In addition, I often take a screenshot of my rider and ride and send it to someone I trust before embarking the route. 

Yet, I noticed that in Indonesia often a different rider and/or number plate show up since people share their scooters and own more than one. Hence, I adapt my strategy and ask them for my name and to show our ride on their phone. 

Off we go

Safety first as I said, so here Grab is off to a good start. Every scooter comes with 2 helmets, one for the rider and one for you. Excellent. 

Traffic is chaos, scooters are all over the narrow streets, going in all directions. Often to indicate your direction you just honk and assume others have noticed you. Especially in these traffic circumstances I have more trust in the local Grab driver than in myself, and here is why: they know the core of the roads, which is not only routing, but also 

  1. Every pothole in the road
  2. Every tricky point, such as narrow turns and risky crossroads
  3. The written traffic regulations ...
  4. ... and the unwritten traffic regulations, they know how to anticipate on other drivers’ behaviour and how to be predictable for others.  

Here we are

On the road I decide I want to get off earlier, so I tap him on his shoulder and ask to pull over. Which I tried on another ride as well but did not work because my Bahasi (Indonesian language) is not good enough, I’ll keep on practising!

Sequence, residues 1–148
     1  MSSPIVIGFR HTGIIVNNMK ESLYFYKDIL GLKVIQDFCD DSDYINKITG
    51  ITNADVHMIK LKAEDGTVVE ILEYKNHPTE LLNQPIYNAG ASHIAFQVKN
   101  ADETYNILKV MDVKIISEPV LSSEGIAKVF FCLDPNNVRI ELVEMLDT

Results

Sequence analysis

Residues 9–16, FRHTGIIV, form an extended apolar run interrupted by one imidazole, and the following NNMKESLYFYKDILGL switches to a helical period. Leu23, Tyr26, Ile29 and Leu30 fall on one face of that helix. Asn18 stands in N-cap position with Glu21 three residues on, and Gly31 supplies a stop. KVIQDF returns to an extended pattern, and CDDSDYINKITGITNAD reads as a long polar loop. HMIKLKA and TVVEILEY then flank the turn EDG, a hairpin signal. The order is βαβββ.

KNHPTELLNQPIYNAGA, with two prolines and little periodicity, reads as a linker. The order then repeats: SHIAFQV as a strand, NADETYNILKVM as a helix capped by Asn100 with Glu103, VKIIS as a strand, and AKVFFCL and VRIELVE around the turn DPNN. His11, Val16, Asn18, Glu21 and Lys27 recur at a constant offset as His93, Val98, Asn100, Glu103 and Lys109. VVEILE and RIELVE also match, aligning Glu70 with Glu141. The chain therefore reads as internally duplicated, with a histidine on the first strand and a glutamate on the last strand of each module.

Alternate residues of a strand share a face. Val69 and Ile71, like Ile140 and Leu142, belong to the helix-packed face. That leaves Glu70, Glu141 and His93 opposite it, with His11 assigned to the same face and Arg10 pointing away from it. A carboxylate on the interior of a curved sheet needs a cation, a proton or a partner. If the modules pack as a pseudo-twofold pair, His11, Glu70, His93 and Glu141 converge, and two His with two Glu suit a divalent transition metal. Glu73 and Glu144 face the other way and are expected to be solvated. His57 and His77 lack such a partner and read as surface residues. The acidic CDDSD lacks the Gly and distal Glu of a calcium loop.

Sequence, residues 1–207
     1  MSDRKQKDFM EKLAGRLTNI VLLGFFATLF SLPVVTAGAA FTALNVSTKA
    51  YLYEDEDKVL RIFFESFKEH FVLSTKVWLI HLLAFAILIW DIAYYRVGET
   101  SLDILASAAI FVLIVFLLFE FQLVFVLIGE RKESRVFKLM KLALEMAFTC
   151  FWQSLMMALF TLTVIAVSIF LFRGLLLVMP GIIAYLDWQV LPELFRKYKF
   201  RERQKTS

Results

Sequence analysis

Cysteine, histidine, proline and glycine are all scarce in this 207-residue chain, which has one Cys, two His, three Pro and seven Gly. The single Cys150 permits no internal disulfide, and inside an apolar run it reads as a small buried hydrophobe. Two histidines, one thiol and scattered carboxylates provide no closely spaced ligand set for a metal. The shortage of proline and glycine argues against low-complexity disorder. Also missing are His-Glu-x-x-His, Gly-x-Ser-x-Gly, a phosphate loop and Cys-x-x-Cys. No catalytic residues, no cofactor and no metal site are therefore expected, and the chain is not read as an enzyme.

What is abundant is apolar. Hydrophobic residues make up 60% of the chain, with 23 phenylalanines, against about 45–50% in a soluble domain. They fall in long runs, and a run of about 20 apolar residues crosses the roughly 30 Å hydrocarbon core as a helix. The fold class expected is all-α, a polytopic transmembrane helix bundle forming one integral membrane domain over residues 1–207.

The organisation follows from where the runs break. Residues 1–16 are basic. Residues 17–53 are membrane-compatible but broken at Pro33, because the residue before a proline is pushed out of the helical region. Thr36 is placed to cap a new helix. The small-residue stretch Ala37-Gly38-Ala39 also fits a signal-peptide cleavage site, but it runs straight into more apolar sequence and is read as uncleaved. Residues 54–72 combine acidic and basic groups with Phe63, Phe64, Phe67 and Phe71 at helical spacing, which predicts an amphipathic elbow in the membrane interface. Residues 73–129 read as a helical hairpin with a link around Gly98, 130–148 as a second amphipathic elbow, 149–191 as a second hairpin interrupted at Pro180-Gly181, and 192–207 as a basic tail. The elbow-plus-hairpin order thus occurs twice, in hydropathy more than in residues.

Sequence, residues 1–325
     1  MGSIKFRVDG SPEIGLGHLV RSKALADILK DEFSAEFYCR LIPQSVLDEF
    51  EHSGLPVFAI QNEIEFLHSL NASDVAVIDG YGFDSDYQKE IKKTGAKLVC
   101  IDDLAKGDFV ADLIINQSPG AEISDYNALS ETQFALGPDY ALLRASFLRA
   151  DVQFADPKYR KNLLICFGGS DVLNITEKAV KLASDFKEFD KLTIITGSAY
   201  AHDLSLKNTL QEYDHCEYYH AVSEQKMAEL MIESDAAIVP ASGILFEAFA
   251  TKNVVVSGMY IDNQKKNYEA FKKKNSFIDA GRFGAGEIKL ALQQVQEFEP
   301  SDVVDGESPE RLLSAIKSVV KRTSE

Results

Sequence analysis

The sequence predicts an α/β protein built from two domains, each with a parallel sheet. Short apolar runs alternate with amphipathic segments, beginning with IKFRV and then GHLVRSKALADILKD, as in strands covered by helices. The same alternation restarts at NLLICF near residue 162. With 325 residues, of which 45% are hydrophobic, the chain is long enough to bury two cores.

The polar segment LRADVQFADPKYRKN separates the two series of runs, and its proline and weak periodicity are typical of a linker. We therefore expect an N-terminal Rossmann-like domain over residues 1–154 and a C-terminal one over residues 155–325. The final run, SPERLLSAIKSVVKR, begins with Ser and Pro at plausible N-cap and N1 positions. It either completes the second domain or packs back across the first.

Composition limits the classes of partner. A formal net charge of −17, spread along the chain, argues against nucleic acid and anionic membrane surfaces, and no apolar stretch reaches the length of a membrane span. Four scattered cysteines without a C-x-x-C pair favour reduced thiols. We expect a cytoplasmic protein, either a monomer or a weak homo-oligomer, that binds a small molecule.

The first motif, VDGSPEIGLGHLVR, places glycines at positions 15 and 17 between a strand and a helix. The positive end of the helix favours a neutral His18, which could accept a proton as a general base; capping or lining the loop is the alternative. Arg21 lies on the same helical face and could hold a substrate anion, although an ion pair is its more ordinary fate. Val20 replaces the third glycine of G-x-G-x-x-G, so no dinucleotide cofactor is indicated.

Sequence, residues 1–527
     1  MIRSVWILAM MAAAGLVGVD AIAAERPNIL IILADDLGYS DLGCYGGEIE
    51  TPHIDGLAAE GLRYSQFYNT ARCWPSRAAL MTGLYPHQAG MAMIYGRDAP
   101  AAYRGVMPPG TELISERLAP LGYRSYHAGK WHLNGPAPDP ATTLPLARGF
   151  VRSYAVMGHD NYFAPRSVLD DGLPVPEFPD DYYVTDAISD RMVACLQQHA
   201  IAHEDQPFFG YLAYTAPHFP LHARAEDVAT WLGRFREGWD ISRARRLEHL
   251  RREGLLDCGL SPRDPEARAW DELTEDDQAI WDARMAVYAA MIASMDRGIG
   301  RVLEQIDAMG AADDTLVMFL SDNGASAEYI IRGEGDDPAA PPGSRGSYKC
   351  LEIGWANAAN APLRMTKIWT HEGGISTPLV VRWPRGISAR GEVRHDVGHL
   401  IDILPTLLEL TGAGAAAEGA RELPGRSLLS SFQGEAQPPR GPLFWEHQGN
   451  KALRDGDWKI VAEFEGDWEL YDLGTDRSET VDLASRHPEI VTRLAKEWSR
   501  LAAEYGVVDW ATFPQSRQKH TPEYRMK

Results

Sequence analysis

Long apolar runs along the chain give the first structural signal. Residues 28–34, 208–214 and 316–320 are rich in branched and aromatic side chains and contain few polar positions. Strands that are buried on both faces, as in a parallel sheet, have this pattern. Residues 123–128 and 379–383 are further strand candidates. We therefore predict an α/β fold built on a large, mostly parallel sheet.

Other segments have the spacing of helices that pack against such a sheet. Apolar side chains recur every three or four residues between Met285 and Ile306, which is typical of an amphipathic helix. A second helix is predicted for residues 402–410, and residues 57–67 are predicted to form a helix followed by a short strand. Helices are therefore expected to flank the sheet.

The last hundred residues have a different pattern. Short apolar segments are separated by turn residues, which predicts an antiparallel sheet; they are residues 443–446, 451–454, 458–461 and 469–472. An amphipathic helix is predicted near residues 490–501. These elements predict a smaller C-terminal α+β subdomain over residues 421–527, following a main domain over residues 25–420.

I pay him the amount in cash and return the helmet. Often in the ridehailing applications you can choose whether you want to pay in cash directly after the ride, or if you want to get the ride paid by credit card via the application. This is up to you, however in a lot of places you might find that cash is the only option since some drivers may not have a credit card and/or bank account. The good thing however is: you pay the exact amount as was told at the beginning of the ride. No scam, no negotiating. 

Free as a bird

When I see him taking off for his next ride, I head to my first interview of the day without carrying a helmet, and without the hassle of finding a parking spot. Moreover, since my second interview is at walking distance, I decide to walk there, while I’ll grab another Grab scooter to head to my third interview which is another 10km further. If I owned my own scooter, I would have had to drive the distance between the first and the second interview or I would have to relocate my scooter. Now I can focus on my interview without having to think of my vehicle, helmet or parking spot.